The Polish ambassador to Iraq was slightly wounded and two civilians, including a bodyguard, were killed in a roadside bomb attack Wednesday in downtown Baghdad, according to Polish government officials.

Gen. Edward Pietrzyk was being treated for minor burns covering 20 percent of his body and "is going to be fine," said Deputy Ambassador Waldemar Figaj, who spoke to The Associated Press from a hospital in Baghdad's Green Zone. Pietrzyk was to be flown home to Poland by way of German later in the day.

A civilian passer-by died after at least two roadside bombs were detonated around 10 a.m., an Iraqi police official said on condition of anonymity because he was not authorized to release the information. A Polish security guard, Bartosz Orzechowski, 29, died at the hospital a short time later, Poland's Interior Minister Wladyslaw Stasiak said during a news conference.

At least 11 people, including three security guards with the convoy, were also wounded in the attack in the Karradah neighborhood, police said. The guards worked for Poland's Government Protection Office, which is responsible for the security of Polish officials in Iraq, said Dariusz Aleksandrowicz, the agency's spokesman.

The attack, which took place a few hundred yards from the Polish Embassy, seemed to target the ambassador. said Robert Szaniawski, a spokesman for the Polish Foreign Ministry.

"We still don't have the reasons for the attack," he said, adding that the embassy is not in the heavily fortified Green Zone.

Polish Prime Minister Jaroslaw Kaczynski said the attack would not weaken his countrymen's resolve to fight terrorism in Iraq.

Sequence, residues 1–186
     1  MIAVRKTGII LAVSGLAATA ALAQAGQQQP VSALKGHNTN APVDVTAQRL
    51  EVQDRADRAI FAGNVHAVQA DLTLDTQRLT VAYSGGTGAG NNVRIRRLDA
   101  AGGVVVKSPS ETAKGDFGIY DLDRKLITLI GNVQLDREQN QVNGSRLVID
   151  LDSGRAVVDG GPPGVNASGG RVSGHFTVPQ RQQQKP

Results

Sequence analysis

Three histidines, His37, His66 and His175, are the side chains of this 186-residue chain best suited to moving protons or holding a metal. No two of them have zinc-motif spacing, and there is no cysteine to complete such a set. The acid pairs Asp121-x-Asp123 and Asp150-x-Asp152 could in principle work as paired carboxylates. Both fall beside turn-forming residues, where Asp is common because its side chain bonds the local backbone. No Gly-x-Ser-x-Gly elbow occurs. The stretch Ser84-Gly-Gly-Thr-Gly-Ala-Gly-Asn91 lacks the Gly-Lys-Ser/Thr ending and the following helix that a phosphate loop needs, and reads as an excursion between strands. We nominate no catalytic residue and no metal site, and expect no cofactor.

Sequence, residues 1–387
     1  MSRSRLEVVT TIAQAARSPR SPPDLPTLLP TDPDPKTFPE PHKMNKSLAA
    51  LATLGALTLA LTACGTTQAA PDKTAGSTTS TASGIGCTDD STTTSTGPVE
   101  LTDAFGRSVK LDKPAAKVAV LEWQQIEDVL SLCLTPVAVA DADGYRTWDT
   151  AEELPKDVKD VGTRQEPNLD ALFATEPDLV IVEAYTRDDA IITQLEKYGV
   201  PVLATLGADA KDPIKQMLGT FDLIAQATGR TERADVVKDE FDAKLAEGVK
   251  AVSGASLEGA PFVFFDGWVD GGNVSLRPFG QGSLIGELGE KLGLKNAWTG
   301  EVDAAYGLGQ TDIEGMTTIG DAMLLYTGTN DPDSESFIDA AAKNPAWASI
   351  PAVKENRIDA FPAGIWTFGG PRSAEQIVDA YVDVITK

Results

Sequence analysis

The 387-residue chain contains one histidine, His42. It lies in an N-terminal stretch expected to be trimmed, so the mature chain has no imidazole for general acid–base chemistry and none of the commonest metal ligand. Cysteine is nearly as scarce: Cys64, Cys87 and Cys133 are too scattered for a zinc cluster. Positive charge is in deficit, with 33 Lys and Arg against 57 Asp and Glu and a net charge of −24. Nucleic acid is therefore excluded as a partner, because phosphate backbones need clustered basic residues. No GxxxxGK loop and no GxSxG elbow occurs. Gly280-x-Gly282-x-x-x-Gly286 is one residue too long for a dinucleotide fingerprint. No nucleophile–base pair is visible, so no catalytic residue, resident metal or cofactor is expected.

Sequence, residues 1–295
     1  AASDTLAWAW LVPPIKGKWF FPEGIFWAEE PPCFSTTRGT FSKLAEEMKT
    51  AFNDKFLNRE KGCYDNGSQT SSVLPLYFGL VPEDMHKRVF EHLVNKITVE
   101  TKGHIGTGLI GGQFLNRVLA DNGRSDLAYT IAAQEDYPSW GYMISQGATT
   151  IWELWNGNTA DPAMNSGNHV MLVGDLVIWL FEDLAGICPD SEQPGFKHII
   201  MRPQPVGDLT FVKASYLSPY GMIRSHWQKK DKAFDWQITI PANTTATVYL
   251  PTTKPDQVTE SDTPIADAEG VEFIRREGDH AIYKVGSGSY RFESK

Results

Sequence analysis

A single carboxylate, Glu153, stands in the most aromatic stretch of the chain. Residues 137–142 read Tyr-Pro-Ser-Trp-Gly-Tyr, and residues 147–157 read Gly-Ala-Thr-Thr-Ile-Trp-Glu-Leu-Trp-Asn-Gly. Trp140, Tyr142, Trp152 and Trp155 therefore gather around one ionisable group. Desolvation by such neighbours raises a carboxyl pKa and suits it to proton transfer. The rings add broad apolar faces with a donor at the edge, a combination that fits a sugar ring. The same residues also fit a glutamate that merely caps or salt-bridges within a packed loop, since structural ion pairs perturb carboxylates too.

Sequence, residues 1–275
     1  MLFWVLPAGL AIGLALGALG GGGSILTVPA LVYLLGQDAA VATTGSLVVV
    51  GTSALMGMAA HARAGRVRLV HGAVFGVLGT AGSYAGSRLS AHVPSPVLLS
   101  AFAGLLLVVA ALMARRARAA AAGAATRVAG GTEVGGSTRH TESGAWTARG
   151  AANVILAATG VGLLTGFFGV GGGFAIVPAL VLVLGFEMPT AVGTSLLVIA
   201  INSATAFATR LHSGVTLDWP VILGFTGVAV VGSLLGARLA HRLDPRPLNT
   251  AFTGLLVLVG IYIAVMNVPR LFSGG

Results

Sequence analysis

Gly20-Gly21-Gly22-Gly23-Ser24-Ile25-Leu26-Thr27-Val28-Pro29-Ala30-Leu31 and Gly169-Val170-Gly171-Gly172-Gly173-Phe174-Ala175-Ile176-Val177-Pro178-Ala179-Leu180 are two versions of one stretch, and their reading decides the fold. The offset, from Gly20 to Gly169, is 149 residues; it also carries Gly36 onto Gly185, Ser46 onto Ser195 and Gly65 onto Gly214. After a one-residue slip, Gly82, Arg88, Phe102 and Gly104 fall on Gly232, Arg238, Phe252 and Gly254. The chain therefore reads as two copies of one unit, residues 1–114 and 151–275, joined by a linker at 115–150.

"Backing out before terrorists is the worst possible solution and I trust that the Poles, who are a brave nation, will not desert the battlefield," he said. "We must fight terrorism and that entails a certain risk."

State Department spokesman Sean McCormack said the United States was shocked by the attack.

"Poland is a good friend and a good ally and we appreciate the fact — the Iraqis appreciate the fact — that they have such high-level diplomatic representation in Baghdad," McCormack said. "We are going to do what we can to help out."

Poland contributed combat troops to the 2003 U.S.-led invasion, and has since led a multinational division south of Baghdad. About 900 Polish troops are stationed there training Iraqi personnel; 21 have died in the war.

Last year, the Polish government extended its mission in Iraq until the end of 2007, leaving a decision on further extensions for later this year.

"Poland has been a strong and steadfast ally here and around the world, and we commend its commitment to a stable and secure Iraq," said a brief statement issued by U.S. Ambassador Ryan Crocker and the U.S. commander, Gen. David Petraeus, condemning the attack. "We stand ready to provide any additional assistance we can."

U.S. officials said Blackwater USA, a Moyock, N.C.-based security firm, flew the ambassador to the Green Zone for treatment.

The company is under investigation for the role its personnel played in a Sept. 16 shootout that left 11 Iraqis dead in Baghdad. The incident prompted the Iraqi Interior Ministry to order the company out of the country, but Blackwater guards were back on duty less than a week later.

Blackwater has an estimated 1,000 employees in Iraq, and at least $800 million in government contracts.

U.S. authorities confiscated an AP Television News videotape that contained scenes of the wounded being evacuated. U.S. military spokesman Lt. Col. Scott Bleichwehl told AP the government of Iraq had made it illegal to photograph or videotape the aftermath of bombings or other attacks.

Pietrzyk, 57, who was formerly commander of land forces in Poland, was appointed ambassador to Iraq in April, Szaniawski said. He studied in the Soviet Union in the late 1980s, and spent two years at the National Defense University in Washington. He then served as commander of Polish land forces from 2000 until 2006.